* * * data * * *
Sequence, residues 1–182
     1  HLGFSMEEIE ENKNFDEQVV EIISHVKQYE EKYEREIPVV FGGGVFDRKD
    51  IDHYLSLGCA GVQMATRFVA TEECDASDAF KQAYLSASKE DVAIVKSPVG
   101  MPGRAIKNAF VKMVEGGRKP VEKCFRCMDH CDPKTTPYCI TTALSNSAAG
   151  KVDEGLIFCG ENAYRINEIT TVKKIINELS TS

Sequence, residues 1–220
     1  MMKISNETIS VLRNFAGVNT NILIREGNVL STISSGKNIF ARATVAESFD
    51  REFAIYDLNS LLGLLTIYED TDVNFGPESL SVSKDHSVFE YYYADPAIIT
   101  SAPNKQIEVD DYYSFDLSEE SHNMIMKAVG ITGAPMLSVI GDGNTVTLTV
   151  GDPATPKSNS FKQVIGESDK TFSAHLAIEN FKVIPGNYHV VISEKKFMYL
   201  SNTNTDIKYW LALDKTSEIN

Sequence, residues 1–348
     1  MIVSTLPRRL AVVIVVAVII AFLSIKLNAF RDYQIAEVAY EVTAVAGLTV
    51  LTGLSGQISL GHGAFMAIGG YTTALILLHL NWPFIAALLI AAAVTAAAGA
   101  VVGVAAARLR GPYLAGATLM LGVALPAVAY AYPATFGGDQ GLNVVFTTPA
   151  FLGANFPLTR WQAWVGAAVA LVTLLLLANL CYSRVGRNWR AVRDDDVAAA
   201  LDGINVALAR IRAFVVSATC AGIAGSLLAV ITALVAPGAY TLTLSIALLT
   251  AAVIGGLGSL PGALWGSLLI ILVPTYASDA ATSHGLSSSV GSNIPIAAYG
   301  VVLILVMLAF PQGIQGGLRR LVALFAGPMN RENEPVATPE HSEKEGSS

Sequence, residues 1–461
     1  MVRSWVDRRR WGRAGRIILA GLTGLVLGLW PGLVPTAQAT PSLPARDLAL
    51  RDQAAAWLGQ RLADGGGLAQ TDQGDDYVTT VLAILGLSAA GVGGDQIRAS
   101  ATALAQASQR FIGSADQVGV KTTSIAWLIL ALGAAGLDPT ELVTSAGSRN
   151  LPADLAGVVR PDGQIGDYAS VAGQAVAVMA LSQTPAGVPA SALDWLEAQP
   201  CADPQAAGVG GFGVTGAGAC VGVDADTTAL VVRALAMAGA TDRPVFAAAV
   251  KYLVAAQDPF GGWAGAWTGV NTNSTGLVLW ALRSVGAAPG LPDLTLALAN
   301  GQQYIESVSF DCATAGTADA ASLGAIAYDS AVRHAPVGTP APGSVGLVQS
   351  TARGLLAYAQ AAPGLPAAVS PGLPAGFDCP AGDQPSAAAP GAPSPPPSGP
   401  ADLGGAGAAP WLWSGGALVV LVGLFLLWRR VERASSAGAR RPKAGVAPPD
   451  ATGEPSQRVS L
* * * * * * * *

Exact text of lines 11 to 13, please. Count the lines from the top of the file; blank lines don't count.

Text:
   201  SNTNTDIKYW LALDKTSEIN

Sequence, residues 1–348
     1  MIVSTLPRRL AVVIVVAVII AFLSIKLNAF RDYQIAEVAY EVTAVAGLTV